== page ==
What do you give up for Lent when you’ve already given up fat, fried foods, bacon, ham, cream, and cheese for health reasons? That was my struggle this year. I was inspired by a homily to give up noise in my car so I would have more opportunities to listen for God.
No more would I race down the road making productive use of my drive time with news radio or Christian music. Instead, I would drive in silence and listen for what God wanted me to hear. The first day, as I self-congratulated my resolve, I expected to hear trumpets sounding and angels singing.
There was nothing that day, the next day, or the next week. But I continued my decision and found myself singing in the car. Last week, I resigned myself that my exercise in self discipline, listening for God, would yield no results. Well, it did have some negative results when my teens wanted to turn on the radio while riding with me, and I told them I gave up car radio for Lent.
Until today. It was a poignant St. Patrick’s Day as our daughter returns to college this afternoon. This was our last time as a family together at church until May. As we sat down in Mass, the Bible readings each spoke to me and then opened the most profound of visions.
First, in Isaiah 43, the lector read that God opens a path in the waters. We can forget the problems of the past and rejoice in His new creation. I thought for a moment of my wicked childhood, our struggles, our loss by fire, and my recent health issues and recognized that God is making a way for us to follow that is new and wonderful.
And so we could sing, “The Lord has done great things for us. We are filled with joy.” I was filled with joy – the joy of being there singing with my family.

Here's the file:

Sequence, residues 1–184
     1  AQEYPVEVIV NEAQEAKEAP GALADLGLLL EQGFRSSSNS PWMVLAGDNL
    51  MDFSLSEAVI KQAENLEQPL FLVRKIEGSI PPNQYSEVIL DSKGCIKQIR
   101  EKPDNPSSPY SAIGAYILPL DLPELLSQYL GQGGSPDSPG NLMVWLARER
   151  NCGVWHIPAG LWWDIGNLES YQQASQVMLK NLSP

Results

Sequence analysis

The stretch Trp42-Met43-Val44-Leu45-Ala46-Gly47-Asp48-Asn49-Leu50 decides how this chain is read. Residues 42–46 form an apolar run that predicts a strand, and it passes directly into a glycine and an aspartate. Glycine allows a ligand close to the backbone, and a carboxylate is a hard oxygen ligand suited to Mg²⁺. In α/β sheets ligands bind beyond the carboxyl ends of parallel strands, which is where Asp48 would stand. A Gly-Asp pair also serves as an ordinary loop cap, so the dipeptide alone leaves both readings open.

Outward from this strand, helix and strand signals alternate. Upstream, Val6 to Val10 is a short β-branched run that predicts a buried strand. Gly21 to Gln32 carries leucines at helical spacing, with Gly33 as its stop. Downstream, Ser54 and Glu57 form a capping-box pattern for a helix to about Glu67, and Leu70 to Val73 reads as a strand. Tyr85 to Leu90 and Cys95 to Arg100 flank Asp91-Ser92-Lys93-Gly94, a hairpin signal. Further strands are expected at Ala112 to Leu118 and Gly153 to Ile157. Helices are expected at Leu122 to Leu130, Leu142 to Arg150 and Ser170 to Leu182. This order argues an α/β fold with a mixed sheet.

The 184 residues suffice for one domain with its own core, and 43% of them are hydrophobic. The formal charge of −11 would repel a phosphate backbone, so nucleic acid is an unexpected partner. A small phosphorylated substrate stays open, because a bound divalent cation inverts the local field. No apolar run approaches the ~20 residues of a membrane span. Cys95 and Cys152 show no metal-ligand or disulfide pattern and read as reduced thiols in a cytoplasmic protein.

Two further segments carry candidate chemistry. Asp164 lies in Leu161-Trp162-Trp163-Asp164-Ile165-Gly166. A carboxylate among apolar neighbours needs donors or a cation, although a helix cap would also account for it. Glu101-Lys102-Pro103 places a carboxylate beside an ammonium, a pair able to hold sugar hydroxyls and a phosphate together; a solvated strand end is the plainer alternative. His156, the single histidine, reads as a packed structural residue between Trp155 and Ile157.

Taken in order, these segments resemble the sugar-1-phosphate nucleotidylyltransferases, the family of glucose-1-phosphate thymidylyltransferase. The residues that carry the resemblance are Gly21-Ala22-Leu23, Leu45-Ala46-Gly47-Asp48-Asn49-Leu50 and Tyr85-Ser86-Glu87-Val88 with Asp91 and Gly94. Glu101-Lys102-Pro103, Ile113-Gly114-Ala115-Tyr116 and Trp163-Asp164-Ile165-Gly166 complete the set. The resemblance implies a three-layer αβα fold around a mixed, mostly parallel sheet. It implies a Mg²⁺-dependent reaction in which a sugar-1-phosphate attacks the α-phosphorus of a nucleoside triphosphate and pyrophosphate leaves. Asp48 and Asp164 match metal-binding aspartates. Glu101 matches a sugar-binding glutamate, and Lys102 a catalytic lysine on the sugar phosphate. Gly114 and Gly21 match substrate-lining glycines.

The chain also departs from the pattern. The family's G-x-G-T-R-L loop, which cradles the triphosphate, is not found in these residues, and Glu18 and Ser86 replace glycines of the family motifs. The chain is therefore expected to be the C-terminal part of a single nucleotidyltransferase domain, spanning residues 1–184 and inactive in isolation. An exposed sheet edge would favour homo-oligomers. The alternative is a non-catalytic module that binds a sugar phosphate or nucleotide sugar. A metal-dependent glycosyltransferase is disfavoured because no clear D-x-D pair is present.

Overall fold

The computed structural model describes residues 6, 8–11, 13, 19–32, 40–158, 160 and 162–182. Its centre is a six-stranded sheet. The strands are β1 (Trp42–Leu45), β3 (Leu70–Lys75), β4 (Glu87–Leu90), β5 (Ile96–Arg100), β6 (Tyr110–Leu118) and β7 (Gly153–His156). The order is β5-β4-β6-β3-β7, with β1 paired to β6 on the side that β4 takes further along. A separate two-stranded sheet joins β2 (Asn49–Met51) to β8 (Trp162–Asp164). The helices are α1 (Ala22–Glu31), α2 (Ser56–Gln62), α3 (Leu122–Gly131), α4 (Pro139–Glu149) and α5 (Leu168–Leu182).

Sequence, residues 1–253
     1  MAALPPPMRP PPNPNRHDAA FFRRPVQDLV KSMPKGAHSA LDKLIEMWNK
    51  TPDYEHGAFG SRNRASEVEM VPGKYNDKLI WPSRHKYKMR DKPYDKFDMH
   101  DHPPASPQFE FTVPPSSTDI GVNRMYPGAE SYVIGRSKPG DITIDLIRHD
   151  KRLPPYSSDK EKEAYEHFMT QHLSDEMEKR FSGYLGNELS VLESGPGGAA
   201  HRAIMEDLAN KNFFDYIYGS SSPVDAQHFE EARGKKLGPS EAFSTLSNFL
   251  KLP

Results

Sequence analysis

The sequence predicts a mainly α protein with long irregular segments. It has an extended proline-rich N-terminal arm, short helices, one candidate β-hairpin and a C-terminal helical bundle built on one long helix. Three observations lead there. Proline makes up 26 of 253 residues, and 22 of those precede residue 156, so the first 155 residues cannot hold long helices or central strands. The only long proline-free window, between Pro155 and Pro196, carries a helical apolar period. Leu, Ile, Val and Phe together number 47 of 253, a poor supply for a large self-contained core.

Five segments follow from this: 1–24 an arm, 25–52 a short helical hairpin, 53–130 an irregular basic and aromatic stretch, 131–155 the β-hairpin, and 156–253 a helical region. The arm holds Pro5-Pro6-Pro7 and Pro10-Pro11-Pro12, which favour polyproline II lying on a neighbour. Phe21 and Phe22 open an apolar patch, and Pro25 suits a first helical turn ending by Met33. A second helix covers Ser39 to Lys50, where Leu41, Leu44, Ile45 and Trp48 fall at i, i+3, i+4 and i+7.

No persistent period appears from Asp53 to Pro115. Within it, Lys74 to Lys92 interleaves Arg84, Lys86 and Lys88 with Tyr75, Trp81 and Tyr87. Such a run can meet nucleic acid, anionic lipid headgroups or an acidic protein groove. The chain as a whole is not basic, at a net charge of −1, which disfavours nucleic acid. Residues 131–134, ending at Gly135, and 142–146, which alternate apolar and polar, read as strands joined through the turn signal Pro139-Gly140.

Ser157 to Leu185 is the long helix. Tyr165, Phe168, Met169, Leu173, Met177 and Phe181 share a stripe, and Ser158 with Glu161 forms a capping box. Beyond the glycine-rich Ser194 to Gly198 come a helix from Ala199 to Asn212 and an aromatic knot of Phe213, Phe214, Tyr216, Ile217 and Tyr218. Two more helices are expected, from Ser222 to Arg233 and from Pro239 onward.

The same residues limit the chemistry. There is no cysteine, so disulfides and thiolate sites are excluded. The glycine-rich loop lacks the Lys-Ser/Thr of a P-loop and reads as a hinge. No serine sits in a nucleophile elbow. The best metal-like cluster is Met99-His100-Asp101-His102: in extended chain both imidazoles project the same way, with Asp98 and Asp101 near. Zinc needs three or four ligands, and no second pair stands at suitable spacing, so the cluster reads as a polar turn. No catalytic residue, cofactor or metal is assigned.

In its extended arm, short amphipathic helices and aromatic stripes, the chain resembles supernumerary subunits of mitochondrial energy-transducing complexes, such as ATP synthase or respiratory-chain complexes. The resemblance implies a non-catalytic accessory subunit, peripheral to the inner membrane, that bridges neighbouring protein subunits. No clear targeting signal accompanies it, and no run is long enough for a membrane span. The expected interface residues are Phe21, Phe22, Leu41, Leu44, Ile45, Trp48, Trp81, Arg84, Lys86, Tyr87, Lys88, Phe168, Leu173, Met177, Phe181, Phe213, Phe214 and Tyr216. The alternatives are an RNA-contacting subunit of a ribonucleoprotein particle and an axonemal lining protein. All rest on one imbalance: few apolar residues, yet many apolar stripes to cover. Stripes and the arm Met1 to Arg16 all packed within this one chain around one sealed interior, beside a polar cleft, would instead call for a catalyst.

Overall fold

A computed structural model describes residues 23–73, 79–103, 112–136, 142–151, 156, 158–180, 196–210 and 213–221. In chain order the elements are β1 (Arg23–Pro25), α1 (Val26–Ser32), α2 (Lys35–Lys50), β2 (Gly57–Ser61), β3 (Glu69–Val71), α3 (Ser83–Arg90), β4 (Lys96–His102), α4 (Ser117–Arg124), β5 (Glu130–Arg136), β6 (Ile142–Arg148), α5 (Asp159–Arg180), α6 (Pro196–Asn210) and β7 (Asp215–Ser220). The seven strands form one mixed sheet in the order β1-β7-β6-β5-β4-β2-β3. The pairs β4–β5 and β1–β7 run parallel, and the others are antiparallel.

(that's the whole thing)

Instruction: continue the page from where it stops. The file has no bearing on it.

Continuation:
Then we went to Philippians 3, where St. Paul writes he considers the things of the past a loss, and we have a new beginning. As we pursue this new path, we “strain forward to what lies ahead,” pursuing our goal of God’s promise in Christ Jesus.
My life feels like it is beginning Act 3. Act 1 was childhood, Act 2 was motherhood, and Act 3′s path is still being determined. Changing my lifestyle to make it healthier, and discovering new interests and talents, is definitely a strain, but I’m optimistic in the promise.
Then the profound Lenten gift happened. As the priest began to read the Gospel of the fallen woman where he taught the lesson on casting the first stone, for a few moments I saw a Renaissance painting come to life. The picture was a beautiful mix of reds, blues, and golds and was set in heaven. Christ was in the center, with Mary and the apostles surrounding Him, as well as saints and angels. Then I heard a voice from a past dream telling me, “We are still praying for you.”
It was a reminder of the Communion of Saints and of the dream that profoundly changed my life. Seventeen years ago, as we struggled with a high risk pregnancy, I had prayed begging for my son’s life. That night, which was the first step of my conversion, I was told, “We will pray for your unborn son.” I didn’t know what the communion of saints was, but I woke up the next morning determined to become Catholic and learn about my new faith.
Despite terrible odds and many setbacks, my son and I both survived a difficult pregnancy that included a month on bedrest in a hospital 100 miles from home, 4 PUBS blood transfusions to my son, 5 weeks of high dose IvIgg treatments, and a terrible hemorrhage from placenta previa. There is no scientific explanation for our survival; it was truly a miracle. During those months of struggle, we were prayed over by prayer circles around the country. I took comfort in my recognition that saints and angels were praying for us too in their “great cloud of witnesses.”
Now, as my children are no longer children but young adults beginning their own adventures and stories, I was reminded that I am still prayed for, as are they.
We each have a path to follow, and if we listen, we can receive guidance every step of the way.
After that brief flash of my Renaissance painting, I was back with my family, where I was then reminded to put faith first, family second, and my career third. (Thank you Mary Kay for that reminder!)
Had I not turned off the car radio weeks ago, and begun giving myself time to reflect and release, I don’t believe I would have enjoyed today’s epiphany.
We discover God in the silence. Sometimes it takes awhile to hear Him, but He’s most definitely there.